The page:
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Earlier this month, I presented another ‘straight-talk’ version
of my “Cook Like a Soldier” program to a group of lovely
ladies who make up the Fortnightly Club in Summit, NJ.

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The Club is a women’s social and philanthropic organization
dedicated to community service and outreach, which also
sponsors social activities for members and their families.
It meets regularly at the historic Twin Maples Mansion,
a spacious landmarked early 20th century former home.
Which, incidentally, was designed by an architect who
resided at the time in Israel Crane territory, otherwise
known as Montclair, NJ.

Now, as you may know, particularly if you’ve ever perused my
Portable Historic Programs page, this talk deals with soldier’s
fare during the American War for Independence. I discuss what
foods the troops ate, how they were prepared and cooked, who
did the cooking, how the rations were delivered, and so on. And
in an effort to not only tell the audience what specific food items
a soldier received on a daily and weekly (hopefully!) basis, but
to also show people what what they were, I have bags of each
on display. So, for instance, I set out a whole pound of flour,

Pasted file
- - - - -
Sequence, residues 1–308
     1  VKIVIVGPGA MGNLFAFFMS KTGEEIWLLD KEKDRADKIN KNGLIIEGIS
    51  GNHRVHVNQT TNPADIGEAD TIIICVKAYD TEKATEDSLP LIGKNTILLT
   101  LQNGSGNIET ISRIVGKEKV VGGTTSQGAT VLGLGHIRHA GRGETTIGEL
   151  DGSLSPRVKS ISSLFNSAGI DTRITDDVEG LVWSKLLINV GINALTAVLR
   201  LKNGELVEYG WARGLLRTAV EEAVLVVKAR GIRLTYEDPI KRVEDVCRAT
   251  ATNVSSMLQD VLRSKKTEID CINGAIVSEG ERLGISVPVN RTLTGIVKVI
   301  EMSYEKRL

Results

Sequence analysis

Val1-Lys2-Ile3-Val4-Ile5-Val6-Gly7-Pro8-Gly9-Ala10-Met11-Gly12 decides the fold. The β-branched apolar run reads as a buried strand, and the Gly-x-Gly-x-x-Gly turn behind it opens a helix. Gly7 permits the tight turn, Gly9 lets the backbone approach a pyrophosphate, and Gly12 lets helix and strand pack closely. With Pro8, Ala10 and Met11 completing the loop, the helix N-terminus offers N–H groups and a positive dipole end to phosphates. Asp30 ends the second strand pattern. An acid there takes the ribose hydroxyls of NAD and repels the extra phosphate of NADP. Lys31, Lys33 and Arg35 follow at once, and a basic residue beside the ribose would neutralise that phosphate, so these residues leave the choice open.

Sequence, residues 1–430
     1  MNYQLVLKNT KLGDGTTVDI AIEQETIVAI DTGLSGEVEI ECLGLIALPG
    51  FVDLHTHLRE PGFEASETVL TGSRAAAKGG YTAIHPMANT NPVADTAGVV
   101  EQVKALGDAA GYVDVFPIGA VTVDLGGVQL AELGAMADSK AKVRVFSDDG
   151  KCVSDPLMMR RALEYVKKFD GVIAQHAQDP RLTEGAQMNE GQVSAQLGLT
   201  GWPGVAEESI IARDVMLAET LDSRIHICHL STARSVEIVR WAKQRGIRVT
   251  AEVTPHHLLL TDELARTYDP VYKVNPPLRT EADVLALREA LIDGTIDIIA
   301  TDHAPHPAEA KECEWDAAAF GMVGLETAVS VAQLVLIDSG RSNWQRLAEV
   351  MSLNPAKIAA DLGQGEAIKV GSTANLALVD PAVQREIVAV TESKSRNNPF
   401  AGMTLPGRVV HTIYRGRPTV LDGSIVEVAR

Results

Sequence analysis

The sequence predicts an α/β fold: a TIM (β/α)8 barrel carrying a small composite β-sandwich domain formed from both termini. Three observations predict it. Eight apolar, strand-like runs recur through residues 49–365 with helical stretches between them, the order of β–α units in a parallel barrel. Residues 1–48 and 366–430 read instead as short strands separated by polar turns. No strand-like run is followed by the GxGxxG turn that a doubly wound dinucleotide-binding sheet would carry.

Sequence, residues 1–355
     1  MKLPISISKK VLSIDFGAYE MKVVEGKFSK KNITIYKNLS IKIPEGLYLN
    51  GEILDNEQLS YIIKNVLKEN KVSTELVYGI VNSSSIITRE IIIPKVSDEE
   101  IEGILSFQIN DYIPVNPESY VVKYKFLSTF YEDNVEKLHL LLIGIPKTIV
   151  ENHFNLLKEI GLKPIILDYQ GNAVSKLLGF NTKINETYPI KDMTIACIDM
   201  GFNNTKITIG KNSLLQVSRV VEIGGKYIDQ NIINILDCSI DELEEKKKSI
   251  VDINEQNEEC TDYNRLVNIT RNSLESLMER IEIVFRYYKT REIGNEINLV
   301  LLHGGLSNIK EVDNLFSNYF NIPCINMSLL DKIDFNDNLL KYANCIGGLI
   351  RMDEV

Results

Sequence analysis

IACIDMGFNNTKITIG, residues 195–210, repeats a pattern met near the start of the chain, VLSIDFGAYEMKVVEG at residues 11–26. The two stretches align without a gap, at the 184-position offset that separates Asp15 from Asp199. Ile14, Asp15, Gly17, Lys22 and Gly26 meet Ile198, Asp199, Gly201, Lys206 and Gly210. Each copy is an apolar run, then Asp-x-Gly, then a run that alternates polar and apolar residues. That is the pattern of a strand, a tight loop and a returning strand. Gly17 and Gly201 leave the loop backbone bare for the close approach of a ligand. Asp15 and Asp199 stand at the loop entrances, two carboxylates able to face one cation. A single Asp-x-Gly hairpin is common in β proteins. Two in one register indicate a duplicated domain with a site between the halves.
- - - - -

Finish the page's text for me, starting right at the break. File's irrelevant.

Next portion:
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a pound of hard bisket, and three pints of peas. But what I’ve
struggled with is, how do I exhibit the flesh-y side of things?
As in the meat? The beef and the pork? Or the fish? Sure, I can
bring samples of each, and I have done that (taken a slab of salt
pork and made my own salt cod), but it’s a bit tricky, especially
if it’s a hot or warm day. It can get rather messy…and smelly!
And then, what do I do with them afterwards? Eat ’em? Well,
after it’s been dragged many miles and then man-handled by
various people, even I don’t care to do that!

Finally, I decided I would set out pictures of each ration meat.
Or rather, the source of it. Of course, I had to find some images,
and they had to be ones that’re period-appropriate for the Rev
War years. Then it hit me: use copies of 18th century woodcuts!
One for each animal! So I got out my copy of “Catchpenny Prints,”
and I found fantastic ones for the beef (a cow), the pork (a pig),

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and the fish (a, er, a fish!). I enlarged each one, then cut it out
and glued it to card stock. So now, each meat ration is represented